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White House Autumn (The President's Daughter, #2)
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White House Autumn (The President's Daughter #2)

4.03  ·  Rating details ·  862 Ratings  ·  85 Reviews
After ten months of living in the White House, seventeen-year old Meghan Powers knew she should be used to the pressures of life in the spotlight-but she wasn't.In addition to the usual senior year worries-college applications and Josh, her first serious boyfriend-Meg had to live up to what was expected from the President's daughter. She had to suppress her sense of humor ...more
Paperback, 209 pages
Published September 1st 2001 by Hawk Publishing Group (first published January 1st 1985)
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Apr 04, 2008 rated it really liked it
Shelves: fiction
I read this book for the first time as an adult. When younger, I was OBSESSED with "The Presidents Daughter" and recalled trying to find a copy of this book at the bookstores (out of print), the public library (lost), and my school library (never had it). I even searched for it again in college. No luck. So when she re-published the series (and wrote a 4th one) I was excited.

Initially, I was really irked by the small ways the book had be updated for the 21st century (and today's youth). Meg didn
May 31, 2007 rated it it was amazing
I'm in the midst of rereading these series in preparation for updates and the fourth book this fall, and needed to revise my review.

I had called it the least necessary of the series, as it was more of Meg settling into the White House. Which, I suppose, is true. But that's too limiting a look, as it contained a lot of wonderful scenes in the aftermath of Meg's mother, the President, getting shot. Meg is very conflicted about her relationship with her parents, and there are no easy answers. Thei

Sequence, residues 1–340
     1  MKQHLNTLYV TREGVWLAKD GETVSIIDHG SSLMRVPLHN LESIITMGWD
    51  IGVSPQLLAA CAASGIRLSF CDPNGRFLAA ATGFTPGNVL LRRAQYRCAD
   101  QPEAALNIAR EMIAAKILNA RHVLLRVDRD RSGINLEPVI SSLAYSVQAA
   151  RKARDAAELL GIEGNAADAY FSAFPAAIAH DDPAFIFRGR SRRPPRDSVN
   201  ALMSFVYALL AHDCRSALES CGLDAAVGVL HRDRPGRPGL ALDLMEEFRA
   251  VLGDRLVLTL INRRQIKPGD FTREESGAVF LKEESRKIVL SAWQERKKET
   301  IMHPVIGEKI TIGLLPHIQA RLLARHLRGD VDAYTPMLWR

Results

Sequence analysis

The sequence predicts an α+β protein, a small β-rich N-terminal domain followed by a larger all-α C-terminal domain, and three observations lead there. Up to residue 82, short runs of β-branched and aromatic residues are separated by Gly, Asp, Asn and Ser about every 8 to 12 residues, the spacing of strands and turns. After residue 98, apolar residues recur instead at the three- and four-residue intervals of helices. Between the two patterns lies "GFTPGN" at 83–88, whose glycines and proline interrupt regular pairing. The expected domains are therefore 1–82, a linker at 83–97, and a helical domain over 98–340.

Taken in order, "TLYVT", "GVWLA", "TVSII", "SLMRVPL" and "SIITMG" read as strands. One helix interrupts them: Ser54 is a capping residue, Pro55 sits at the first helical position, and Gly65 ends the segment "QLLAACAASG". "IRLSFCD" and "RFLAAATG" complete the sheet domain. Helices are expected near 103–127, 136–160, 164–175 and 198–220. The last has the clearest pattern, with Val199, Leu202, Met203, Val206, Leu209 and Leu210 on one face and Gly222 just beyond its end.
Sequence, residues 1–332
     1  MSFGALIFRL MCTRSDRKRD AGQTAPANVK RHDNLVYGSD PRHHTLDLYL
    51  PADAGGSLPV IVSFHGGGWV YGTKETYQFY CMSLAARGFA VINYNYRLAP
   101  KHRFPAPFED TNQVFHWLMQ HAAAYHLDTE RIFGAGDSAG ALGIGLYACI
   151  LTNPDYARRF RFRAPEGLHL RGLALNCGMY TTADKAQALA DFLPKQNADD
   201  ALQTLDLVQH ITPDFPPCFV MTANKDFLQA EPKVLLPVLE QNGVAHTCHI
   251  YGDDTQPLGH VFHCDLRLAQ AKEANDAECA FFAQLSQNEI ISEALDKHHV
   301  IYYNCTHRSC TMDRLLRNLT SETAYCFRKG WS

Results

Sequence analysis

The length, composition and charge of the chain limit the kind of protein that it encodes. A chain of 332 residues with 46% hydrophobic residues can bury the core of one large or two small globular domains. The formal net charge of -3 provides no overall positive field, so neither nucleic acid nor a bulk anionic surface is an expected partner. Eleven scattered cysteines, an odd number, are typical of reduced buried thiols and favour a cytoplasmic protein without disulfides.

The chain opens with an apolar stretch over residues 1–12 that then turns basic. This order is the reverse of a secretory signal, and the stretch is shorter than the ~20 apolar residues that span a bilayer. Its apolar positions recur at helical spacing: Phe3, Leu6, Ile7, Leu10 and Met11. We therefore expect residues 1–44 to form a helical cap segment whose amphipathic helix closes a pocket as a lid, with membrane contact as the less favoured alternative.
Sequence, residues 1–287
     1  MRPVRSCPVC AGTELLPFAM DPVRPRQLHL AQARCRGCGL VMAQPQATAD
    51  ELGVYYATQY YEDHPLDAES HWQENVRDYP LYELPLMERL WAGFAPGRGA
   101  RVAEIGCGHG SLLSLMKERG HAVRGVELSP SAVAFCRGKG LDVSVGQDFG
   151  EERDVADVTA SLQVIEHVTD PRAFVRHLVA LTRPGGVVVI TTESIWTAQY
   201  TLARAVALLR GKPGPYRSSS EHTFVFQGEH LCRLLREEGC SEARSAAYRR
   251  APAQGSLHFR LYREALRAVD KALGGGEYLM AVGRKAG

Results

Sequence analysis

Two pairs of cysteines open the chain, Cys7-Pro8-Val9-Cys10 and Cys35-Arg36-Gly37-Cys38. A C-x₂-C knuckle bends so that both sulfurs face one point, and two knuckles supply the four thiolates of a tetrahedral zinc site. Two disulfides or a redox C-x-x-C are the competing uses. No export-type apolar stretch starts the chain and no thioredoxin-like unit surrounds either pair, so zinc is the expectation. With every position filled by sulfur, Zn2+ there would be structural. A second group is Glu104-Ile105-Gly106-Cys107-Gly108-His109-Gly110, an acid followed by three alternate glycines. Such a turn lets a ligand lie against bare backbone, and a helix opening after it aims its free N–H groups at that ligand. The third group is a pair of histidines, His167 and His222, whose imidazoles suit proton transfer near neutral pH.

Jul 25, 2010 rated it really liked it  ·  review of another edition
Recommended to Chachic by: Michelle
Originally posted here.

I forgot to mention in my review of the first book that I was actually fascinated with the revisions that they had to make to modernize this series. It was first written in the 80s when the internet wasn't such a big thing and there weren't any cellphones either. The new editions now have all that in them. It must have been such hard work to update all the details and I appreciate that the publishers and the author went through all of that. Also, I'm glad they decided to h
Nov 05, 2013 rated it really liked it  ·  review of another edition
I'm worried about how I'm going to make it through Long Live the Queen and Long May She Reign because White knows how to amp up the tension and the feelings and it's almost a physical experience, reading this series.
Maya Rock
Jul 02, 2007 rated it liked it
I barely remember this one except Meg tries to have this lame boyfriend and it's hard because she's the president's daughter (i.e. under watch all the time by press and security.)
Jul 05, 2016 rated it it was amazing  ·  review of another edition
One of my all time favorites.
Sep 12, 2008 rated it liked it
I really didn't want to like this book because in my version she's wearing a baseball cap from the devil team, but it's actually decent.